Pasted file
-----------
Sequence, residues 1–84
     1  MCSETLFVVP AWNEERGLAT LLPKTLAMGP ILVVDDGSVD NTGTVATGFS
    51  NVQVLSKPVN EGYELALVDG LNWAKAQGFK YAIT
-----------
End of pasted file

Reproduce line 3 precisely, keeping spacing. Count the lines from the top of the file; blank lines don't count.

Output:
    51  NVQVLSKPVN EGYELALVDG LNWAKAQGFK YAIT